April 14, 2015
Speaker: Historian, FRANK J KURTIK
Colonel James M. Schoonmaker is not a familiar name to most Squirrel Hill residents, yet he was right up there with Frick, Carnegie, Jones and other leading industrialists of the Gilded Age. Mr. Frank Kurtik will talk about how this dashing young Civil War hero from the local area married into a wealthy Squirrel Hill family and amassed a fortune.
Colonel James M. Schoonmaker received the Medal of Honor for bravery at the Third Battle of Winchester during the Civil War. He married the daughter of Squirrel Hill coal and coke baron W. H. Brown, owner of the largest fleet of steamboats in Pittsburgh. Schoonmaker inherited coal mines and coke works from his father-in-law, which he sold to invest in railroads, becoming vice-president and general manager of the Pittsburgh & Lake Erie Railroad. He was responsible for the railroad’s headquarters building at what is now Station Square. And that’s only a few of his many accomplishments in a lifetime full of achievements!
from Wikipedia: Born in Peebles Twp. (subsequently Pittsburgh) on June 30, 1842 to James Schoonmaker and Mary Clark Stockton. James was a student at the Western University of Pennsylvania when the American Civil War began and enlisted in a local company of recruits which was assigned to the 1st Maryland Cavalry, rising to the rank of lieutenant. During the next thirteen months, he proved himself repeatedly in battle and in command of his troops.
In August 1862, Schoonmaker was authorized by Secretary of War Edwin Stanton to raise the 14th Pennsylvania Cavalry Regiment, and was promoted to the rank of colonel. He later also commanded a cavalry brigade in the Cavalry Corps, under the command of Philip Sheridan. At the Third Battle of Winchester, September 19, 1864, Schoonmaker led his troops in a dismounted charge against Confederate artillery in Star Fort . It was for this action he received the Medal of Honor on May 19, 1899. The Medal of Honor citation reads: “During the Battle of Star Fort, Virginia, at a critical period, gallantly led a cavalry charge against the left of the enemy’s line of battle, drove the enemy out of his works, and captured many prisoners.”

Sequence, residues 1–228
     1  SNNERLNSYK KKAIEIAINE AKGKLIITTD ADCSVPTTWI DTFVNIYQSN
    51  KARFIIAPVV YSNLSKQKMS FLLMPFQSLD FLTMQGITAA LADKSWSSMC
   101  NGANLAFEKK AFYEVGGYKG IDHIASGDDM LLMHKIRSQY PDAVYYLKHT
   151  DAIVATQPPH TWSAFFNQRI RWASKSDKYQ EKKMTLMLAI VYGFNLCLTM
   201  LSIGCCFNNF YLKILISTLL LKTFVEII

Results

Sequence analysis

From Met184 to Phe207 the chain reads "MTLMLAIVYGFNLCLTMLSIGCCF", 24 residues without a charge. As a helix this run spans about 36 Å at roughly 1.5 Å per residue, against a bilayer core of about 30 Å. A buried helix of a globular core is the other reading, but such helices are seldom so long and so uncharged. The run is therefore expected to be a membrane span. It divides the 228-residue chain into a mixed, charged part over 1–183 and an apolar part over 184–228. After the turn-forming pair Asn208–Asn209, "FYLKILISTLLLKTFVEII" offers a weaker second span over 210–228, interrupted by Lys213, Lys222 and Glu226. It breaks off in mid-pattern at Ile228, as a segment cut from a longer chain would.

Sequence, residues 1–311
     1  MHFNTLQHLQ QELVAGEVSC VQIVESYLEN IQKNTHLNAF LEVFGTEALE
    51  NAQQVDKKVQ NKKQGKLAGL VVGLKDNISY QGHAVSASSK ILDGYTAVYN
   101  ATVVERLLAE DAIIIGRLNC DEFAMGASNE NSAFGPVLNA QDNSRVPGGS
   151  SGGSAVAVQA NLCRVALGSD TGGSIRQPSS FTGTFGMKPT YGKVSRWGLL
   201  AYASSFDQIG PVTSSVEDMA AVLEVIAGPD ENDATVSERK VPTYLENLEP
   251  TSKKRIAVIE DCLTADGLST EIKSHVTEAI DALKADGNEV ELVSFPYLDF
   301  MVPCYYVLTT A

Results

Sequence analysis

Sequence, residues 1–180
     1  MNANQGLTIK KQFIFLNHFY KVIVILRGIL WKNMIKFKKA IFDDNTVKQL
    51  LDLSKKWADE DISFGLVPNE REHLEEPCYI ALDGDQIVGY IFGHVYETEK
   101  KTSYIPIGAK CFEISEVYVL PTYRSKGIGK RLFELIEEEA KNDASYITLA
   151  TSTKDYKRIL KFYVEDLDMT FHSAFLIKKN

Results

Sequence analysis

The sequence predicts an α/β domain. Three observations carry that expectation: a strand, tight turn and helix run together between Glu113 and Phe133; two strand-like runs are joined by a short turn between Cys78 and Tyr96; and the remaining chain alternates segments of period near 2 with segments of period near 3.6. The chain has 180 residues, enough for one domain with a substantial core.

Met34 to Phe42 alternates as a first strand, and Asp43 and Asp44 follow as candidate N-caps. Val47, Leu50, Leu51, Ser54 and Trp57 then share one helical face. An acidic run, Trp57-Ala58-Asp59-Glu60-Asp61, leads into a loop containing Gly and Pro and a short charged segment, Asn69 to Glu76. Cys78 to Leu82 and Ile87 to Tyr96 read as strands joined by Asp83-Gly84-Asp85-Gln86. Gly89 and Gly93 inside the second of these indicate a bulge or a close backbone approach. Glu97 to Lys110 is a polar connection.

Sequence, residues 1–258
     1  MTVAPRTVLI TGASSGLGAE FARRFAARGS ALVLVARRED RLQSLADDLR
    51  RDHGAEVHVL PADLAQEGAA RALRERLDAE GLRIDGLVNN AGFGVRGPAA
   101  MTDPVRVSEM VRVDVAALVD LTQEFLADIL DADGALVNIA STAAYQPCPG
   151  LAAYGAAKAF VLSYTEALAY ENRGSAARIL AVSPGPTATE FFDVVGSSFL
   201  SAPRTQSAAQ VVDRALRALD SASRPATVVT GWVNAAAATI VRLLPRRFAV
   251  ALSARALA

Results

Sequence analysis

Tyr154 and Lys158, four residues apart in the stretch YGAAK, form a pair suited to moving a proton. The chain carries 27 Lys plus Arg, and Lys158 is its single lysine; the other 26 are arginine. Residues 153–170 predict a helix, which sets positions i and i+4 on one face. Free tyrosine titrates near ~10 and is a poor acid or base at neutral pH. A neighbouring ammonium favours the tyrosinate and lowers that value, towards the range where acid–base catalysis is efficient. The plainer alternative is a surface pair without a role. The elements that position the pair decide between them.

About the Speaker, Frank Kurtik: Currently based in Fayette County, Frank works independently as a researcher, writer and lecturer. His special field of interest is the history of Pittsburgh and Western Pennsylvania. Besides writing an introductory essay for Essence of Pittsburgh, a book about the work of the Lawrenceville-based artist, Ron Donoughe, Frank has written a number of articles for such publications as the Western Pennsylvania Historical Magazine, Carnegie Magazine and Western Pennsylvania History. His lecture topics have ranged from Western Pennsylvania iron furnaces to H. J. Heinz’s Sunday School work to Monongahela rye whiskey.
Prior to his current work, Frank was a Research Fellow with the Heinz Family Foundation in Washington, D.C., and before that, he was Archivist and Special Projects Manager for the Heinz Family Office in Pittsburgh. Holding an M.A. in History from Duquesne University, Frank’s initial professional position was as an archivist at the University of Pittsburgh, where he specialized in the care of historic photograph collections.